Foal, Mare and Placenta Check

If all appears well and the foal has been standing and nursing and overall in good condition call your veterinarian the following morning to let her know that you have a new foal! She will want to come out between 12 and 24 hours of delivery to test the foal’s blood for passive transfer of the antibodies from the colostrum. This is called the foal’s IgG level and can be done right there on the farm. A full exam should be done to look for angular limb deformities, swollen joints, cleft palate, abnormal heart or lung sounds, meconium impaction (first faecal matter) and just to ensure the new baby is healthy. The naval is dipped in either a diluted chlorhexidine solution or iodine solution. It is also important to have the placenta fully evaluated for any missing pieces. Keep this in a covered bucket or trash bag out of the sun until your veterinarian arrives. The vet should also check the mare over for any signs of trauma, colic, etc. After they are examined and they receive their clean bill of health you can take a moment to relax.

Foaling Emergencies… What to look for

Fortunately, mares can deliver foals without assistance and without complication the majority of the time. However, complicated deliveries can happen and it is critical the foal is delivered quickly. Be prepared and prevent long term negative effects or even death by knowing the signs of complications. If you are lucky enough to be present for this exciting event you may be able to save a life. The following are some of the more common foaling emergencies, but you should always call your veterinarian to get advice or emergency treatment specific to your current situation if needed.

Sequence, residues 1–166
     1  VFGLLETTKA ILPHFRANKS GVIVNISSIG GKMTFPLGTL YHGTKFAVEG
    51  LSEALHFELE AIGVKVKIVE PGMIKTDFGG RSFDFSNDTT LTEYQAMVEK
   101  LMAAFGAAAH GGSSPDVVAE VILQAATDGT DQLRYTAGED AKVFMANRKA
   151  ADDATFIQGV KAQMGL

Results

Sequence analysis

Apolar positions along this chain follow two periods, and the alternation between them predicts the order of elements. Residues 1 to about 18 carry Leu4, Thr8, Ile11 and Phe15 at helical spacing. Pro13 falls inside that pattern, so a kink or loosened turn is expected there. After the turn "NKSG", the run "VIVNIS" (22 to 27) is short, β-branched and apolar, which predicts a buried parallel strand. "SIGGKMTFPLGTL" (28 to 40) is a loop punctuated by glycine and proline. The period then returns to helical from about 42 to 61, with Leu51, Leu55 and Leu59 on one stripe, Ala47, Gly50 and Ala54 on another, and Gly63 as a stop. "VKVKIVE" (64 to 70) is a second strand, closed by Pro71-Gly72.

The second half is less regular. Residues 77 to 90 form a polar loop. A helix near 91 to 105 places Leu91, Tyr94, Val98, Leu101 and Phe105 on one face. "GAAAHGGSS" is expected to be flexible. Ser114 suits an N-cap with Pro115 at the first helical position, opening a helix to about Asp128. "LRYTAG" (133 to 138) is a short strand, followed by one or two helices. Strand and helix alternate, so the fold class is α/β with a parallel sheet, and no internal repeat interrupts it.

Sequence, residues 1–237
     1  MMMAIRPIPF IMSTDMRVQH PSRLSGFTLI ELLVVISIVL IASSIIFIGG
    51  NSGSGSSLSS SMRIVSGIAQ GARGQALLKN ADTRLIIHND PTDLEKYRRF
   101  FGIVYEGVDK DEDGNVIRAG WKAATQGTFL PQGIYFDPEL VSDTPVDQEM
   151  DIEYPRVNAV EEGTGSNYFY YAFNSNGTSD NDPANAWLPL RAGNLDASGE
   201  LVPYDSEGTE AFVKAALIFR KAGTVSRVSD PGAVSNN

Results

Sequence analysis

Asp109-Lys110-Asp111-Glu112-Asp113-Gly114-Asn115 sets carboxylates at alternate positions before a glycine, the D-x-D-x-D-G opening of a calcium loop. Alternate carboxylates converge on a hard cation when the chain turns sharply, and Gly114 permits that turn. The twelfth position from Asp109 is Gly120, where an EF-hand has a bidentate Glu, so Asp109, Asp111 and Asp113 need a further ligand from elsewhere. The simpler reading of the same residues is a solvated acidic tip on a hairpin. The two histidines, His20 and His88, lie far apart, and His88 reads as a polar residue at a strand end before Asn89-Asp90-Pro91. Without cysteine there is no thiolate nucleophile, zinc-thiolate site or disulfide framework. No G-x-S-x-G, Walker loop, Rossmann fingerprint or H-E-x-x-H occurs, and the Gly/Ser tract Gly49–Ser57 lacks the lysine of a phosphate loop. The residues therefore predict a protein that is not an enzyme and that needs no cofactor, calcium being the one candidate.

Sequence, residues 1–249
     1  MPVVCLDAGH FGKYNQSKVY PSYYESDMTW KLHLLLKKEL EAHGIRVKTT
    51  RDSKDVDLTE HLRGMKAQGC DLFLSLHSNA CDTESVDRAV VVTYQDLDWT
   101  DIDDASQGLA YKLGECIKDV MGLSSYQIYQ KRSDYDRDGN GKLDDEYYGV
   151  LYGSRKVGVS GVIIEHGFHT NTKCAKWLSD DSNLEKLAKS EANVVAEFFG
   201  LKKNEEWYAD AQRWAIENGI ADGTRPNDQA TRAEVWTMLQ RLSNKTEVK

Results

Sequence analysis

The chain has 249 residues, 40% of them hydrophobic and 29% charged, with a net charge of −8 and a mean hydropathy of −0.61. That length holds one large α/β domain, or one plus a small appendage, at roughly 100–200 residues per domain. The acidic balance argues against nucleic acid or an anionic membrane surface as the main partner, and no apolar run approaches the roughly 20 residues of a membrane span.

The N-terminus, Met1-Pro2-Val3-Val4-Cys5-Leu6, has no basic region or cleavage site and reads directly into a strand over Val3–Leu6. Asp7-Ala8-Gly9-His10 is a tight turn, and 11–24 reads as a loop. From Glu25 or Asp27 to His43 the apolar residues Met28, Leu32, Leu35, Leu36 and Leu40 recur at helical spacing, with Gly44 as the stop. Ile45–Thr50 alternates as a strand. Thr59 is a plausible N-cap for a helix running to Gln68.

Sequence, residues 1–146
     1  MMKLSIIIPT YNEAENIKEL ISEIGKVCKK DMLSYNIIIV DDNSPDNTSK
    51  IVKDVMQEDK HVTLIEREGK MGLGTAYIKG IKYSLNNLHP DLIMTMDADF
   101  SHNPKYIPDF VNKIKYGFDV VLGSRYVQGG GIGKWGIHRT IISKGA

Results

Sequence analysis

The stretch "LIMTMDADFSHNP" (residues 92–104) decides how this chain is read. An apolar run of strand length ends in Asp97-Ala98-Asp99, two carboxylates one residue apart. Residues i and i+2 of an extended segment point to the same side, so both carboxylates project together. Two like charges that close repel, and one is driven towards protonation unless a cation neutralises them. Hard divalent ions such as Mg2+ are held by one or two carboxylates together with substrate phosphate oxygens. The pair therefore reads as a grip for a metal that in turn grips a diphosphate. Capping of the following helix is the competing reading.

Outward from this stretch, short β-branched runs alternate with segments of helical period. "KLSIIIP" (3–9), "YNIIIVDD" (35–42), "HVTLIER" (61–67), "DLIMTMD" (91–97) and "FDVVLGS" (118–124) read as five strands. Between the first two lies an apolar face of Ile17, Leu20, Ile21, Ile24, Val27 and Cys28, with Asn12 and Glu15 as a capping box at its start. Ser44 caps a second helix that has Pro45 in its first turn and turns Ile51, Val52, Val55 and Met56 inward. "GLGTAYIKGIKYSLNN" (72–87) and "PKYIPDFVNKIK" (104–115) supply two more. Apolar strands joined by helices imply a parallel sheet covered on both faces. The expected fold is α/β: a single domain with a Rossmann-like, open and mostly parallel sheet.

The foal should present with its front feet (one slightly in front of the other) followed by the head. Any other positioning is abnormal and a successful delivery may require assistance and manipulation of the foal. If you see the mare’s rectum bulging, then the foal’s feet are directed too far dorsal (toward the back) and need to be pushed back and redirected through the vulva (otherwise they can cause a rectal tear). Some mares can still deliver a foal with abnormal positioning, but keep in mind the rule of delivering in 30 minutes or less and be ready to assist.

Red Bag

If you see a red velvety structure bulging from the vulva, this is an extreme emergency and you should call your veterinarian immediately.

The placenta has started to separate from the uterine wall before the foal is delivered and the foal can quickly suffocate and die. The placenta structure should be cut open right away using scissors or a sharp knife which your veterinarian may instruct you to do. Once you cut this open and see the anionic sac (white, shiny and translucent), you should grab the foal’s feet and get the foal out as quickly as possible. A foal in this situation has likely suffered from oxygen deprivation and your veterinarian should evaluate the mare and foal immediately.